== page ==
Skip to main content

Netaji Bose "allied" with fascist powers on advise from Hindu Mahasabha founder Savarkar: Right-wing journal

Counterview Desk
In an unusual exposure that is likely to create ripples among the Left supporters of Subhas Chandra Bose, a top right-wing journal has declared that Netaji considered Hinduism “as an essential part of Indianness”, insisting he was “thoroughly influenced by Vinayak Damodar Savarkar, the founder-president of Hindu Mahasabha.”
Quoting from a meeting on June 21, 1940 between Subhas Bose and Savarkar, the Swarajya magazine says, the two met at Savarkar’s residence in Dadar to “explore the possibilities of co-operation between Forward Block and Hindu Mahasabha”, adding, “The meeting was said to have changed Netaji’s course of action.”
The All-India Forward Bloc, notably, is an ally of the CPI-M-led Left Front in Bengal.
Authored by Saswat Panigrahi, a “cultural nationalist”, the article says, “It was Savarkar who had advised Subhas 'not to waste time organising protests for the removal of British statues like Holwell Monument in Calcutta'.”
Instead, Savarkar suggested, says the article, Bose should “smuggle himself out of the country, reach out to the Axis powers (fascist Germany, Italy and Japanduring the World War-II) and raise an Indian Army of liberation out of Prisoner of War (PoWs).”
The journal further quotes Bose as saying on June 25, 1944, Bose in his speech on Azad Hind Radio: “When due to misguided political whims and lack of vision, almost all the leaders of Congress party have been decrying all the soldiers in Indian Army as mercenaries, it is heartening to know that Veer Savarkar is fearlessly exhorting the youths of India to enlist in armed forces.”
Not without reason, the journal notes, in May, 1952, Savarkar paid his tribute to Bose saying, “Long live deathless Subhas. Victory to the Goddess of freedom.” These words came from the man who is considered the “godfather of modern Hindutva”, it adds.
Claiming that the Bose considered “Vedanta and Bhagavad Gita as his sources of inspiration in the fight against the British.”, the journal criticizes “Indian historiographers” for “deliberately” brushing aside “a significant chapter on Netaji Subhas Chandra Bose.”
Written to mark the 120th birth anniversary of “the most admired nationalist-revolutionary”, the article says, “A careful study of the life and times of Netaji clearly suggests that the great patriot championed the cause of Hindutva and cultural nationalism.”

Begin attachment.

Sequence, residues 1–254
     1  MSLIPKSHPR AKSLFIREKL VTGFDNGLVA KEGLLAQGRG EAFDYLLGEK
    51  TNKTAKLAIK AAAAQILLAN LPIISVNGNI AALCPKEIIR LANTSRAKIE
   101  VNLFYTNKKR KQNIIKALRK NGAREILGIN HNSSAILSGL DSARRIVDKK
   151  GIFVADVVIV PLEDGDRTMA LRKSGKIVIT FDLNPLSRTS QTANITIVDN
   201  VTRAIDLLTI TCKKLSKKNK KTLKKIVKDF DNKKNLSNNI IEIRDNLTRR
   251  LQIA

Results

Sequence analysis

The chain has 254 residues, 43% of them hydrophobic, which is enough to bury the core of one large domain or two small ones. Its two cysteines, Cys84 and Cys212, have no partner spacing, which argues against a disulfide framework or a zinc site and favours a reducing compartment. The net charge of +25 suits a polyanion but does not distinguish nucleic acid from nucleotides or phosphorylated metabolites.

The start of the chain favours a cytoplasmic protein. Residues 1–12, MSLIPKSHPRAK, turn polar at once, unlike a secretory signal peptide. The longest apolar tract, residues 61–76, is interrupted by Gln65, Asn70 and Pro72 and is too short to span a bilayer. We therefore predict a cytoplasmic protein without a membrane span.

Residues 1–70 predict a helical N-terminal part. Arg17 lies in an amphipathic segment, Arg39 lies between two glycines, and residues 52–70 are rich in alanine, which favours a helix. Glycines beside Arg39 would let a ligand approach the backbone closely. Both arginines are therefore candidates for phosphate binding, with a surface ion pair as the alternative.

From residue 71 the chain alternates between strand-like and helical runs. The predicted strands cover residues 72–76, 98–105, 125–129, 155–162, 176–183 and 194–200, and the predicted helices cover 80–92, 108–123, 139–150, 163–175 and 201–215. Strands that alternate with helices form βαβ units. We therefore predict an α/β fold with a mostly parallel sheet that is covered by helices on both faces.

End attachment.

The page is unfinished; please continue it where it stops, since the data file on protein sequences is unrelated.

Calling Bose “a quintessential Hindu”, the article says, “Subhas Chandra Bose considered Vedanta and Srimad Bhagavad Gita as his sources of inspiration in the fight against the British”, adding, even when he was young, Bose was “moved by Swami Vivekananda’s teachings on universalism and his fresh interpretation of Indian scriptures.”
Similarly, it adds, “The writings of Sri Aurobindo had a lasting impression on his mind. In addition, Bose drew influences from Bankim Chandra Chatterjee’s teachings. All those together helped shape up his social-political activism, loaded with a nationalistic fervour and driven by a religious fascination ever since his young days. ”

Comments

TRENDING

Vaccine nationalism? Covaxin isn't safe either, perhaps it's worse: Experts

By Rajiv Shah  I was a little awestruck: The news had already spread that Astrazeneca – whose Indian variant Covishield was delivered to nearly 80% of Indian vaccine recipients during the Covid-19 era – has been withdrawn by the manufacturers following the admission by its UK pharma giant that its Covid-19 vector-based vaccine in “rare” instances cause TTS, or “thrombocytopenia thrombosis syndrome”, which lead to the blood to clump and form clots. The vaccine reportedly led to at least 81 deaths in the UK.

'Scientifically flawed': 22 examples of the failure of vaccine passports

By Vratesh Srivastava*   Vaccine passports were introduced in late 2021 in a number of places across the world, with the primary objective of curtailing community spread and inducing "vaccine hesitant" people to get vaccinated, ostensibly to ensure herd immunity. The case for vaccine passports was scientifically flawed and ethically questionable.